There is more to picture book writing than this. Character, motivation, structure and resolution don't give me much trouble. Making the story "sing" when read aloud--to me, that's what makes for a great book. The book that children want to hear over and over.

For the record, when I was writing First Grade Stinks my favorite picture book was Kevin Henkes' Julius, The Baby of the World, which introduces his inimitable mouse-child, Lilly. (Yes, my daughter Lily was in part, named for a fictional mouse.) This book uses the predictable catchphrase and certain repeated words perfectly.  Lilly's frequent description of baby brother Julius, "Disgusting!" inspired my character Hayley's oft repeated opinion, "First grade stinks!" 

Thanks to Doreen Cronin, Carolyn Crimi, Margaret Atwood and most of all Kevin Henkes (my secret author crush) for all they taught me...without charging a dime!.


Jill said...

Yes to ALL of this, Mary Ann! Kevin Henkes is my secret author crush, too. When I started writing, I'd been sitting on the fence THINKING about it for 2-3 years. Reading (and being blown away by) JULIUS, BABY OF THE WORLD is what shoved me off.

jan godown annino said...

Bless you, while I nest in this, dear Mary Ann.
"Story spinning" & other sparky phrases, potent ideas,
make this post a mentor text, in brief - many appreciations.

March marvelousness to you & all Teaching Authors & TA readers.

- Jan Annino

April Halprin Wayland said...

Mary Ann ~ So much to love about this post!
As usual, you lay out an idea as if it's a map on the floor of my bedroom.

Carol Varsalona said...

Thanks for sharing your writing journey. It's hard to believe that you could write a book in 2 hours but as you said it was a gift from God.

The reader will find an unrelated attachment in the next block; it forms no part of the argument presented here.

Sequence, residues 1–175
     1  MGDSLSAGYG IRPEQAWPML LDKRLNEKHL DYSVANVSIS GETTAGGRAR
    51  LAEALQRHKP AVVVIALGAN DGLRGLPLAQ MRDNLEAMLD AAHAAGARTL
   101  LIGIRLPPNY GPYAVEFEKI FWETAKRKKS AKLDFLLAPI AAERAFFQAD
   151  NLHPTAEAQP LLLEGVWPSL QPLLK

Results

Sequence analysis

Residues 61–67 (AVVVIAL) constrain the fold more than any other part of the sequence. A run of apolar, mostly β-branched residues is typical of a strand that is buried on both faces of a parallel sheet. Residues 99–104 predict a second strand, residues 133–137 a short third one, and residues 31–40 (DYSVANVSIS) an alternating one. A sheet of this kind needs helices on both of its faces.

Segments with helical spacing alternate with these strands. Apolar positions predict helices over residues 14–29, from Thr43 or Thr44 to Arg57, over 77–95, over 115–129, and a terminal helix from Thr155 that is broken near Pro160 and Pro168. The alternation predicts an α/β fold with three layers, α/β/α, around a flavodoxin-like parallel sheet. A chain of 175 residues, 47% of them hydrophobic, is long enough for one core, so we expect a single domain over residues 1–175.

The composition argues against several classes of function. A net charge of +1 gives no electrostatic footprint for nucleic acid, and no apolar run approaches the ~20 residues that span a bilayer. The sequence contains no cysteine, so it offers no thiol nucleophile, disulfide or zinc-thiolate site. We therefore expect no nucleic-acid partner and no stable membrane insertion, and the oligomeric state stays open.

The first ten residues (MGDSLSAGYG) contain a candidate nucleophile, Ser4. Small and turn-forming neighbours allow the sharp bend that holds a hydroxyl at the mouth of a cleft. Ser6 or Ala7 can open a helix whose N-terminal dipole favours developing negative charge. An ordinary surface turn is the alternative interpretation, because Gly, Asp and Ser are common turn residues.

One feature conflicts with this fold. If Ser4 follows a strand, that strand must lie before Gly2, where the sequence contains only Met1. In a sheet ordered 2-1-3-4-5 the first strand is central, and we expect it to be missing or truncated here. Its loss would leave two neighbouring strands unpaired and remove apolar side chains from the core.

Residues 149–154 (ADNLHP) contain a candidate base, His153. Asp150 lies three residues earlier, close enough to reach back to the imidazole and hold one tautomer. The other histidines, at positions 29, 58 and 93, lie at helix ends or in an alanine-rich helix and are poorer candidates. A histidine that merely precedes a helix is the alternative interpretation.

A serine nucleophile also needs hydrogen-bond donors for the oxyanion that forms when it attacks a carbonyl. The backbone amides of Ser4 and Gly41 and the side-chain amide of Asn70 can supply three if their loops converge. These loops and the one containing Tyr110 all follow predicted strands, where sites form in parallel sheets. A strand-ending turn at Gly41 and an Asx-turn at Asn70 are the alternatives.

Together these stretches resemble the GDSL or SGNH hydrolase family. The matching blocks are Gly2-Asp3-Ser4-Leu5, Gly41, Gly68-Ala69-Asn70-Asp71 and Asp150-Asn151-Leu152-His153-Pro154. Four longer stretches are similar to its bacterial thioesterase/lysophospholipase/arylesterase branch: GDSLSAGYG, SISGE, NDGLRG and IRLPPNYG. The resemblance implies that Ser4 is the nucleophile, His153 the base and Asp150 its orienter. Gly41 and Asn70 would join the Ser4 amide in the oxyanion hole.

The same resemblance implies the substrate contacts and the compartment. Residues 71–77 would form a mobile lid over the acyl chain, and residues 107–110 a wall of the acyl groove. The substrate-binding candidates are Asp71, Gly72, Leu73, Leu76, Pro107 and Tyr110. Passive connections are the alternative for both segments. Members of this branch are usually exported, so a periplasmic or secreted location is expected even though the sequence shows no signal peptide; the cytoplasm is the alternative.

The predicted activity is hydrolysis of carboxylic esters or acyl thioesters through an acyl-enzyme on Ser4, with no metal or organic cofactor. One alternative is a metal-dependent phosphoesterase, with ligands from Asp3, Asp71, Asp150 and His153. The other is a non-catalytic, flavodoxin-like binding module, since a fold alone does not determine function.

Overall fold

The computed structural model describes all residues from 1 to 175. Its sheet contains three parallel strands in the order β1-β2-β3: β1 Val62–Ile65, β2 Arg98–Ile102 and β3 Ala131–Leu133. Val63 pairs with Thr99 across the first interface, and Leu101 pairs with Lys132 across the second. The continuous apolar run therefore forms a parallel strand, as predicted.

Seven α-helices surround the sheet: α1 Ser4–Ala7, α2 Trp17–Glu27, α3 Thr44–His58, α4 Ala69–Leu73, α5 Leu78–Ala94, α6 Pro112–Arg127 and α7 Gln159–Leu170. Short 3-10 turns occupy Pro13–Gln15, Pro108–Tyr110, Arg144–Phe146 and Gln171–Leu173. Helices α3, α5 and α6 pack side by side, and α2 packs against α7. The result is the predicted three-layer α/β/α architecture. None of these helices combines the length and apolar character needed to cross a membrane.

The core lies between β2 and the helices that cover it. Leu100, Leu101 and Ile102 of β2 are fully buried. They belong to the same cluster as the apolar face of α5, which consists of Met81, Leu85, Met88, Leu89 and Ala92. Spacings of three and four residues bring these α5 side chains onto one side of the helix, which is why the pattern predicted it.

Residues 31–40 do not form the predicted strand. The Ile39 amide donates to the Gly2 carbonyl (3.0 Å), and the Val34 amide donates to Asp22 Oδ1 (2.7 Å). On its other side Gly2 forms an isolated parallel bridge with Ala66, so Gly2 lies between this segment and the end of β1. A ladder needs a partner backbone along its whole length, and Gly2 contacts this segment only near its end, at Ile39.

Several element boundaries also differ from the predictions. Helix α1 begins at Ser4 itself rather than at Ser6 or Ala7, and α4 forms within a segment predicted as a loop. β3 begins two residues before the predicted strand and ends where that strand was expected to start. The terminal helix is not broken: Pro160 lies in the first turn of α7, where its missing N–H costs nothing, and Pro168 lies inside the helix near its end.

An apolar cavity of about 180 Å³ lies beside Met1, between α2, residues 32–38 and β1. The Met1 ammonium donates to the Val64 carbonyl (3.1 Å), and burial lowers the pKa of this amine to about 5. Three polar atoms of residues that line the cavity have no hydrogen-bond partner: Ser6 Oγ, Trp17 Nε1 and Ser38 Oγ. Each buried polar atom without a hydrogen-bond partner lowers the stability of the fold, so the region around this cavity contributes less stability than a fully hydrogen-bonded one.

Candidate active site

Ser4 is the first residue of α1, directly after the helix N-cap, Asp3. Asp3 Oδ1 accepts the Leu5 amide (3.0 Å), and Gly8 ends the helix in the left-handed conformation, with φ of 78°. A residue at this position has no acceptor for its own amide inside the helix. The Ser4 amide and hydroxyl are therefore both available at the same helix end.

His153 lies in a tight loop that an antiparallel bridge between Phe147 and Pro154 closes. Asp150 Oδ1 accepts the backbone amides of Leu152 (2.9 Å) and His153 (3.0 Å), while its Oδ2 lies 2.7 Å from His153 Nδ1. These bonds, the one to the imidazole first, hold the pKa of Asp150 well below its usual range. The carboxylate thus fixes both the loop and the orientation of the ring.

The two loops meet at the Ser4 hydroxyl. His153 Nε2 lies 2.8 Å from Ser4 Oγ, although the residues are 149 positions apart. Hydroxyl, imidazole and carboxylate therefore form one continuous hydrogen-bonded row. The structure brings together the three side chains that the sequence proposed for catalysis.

Mary Malhotra said...

As I read this helpful post, I had half a dozen picture book manuscripts in my writing folder, and three Kevin Henkes picture books on my coffee table! I picked them out to share with my granddaughters at story time.. One is an old favorite, CHRYSANTHEMUM. Wonder if 2018's WINTER IS HERE (yes, far fewer words!) will become a new one?

Molly Hogan said...

This is such an interesting post. Thanks so much for sharing your creative process!

Mary Ann Rodman said...

Wow..thank you all for your comments. I'm pleased to see that I am not the only Kevin Henkes fan. I return to his books over and over, reading them aloud. Of the many things he does superbly, he writes a book that rolls of the tongue of the reader, and does not bore the adult reader into the ground. Carol--yes, a true gift from God, that book. I've never written anything that fast. Maybe because I was angry, and not worrying about anyone else reading it. So many people have found things in My Best Friend that I was not aware of writing...divine intervention in action. April--a map on the floor. I love that image. I could use a map for the novel I'm writing...but we'll get there. All in all, thank you everybody for commenting. I appreciate encouragement from all quarters!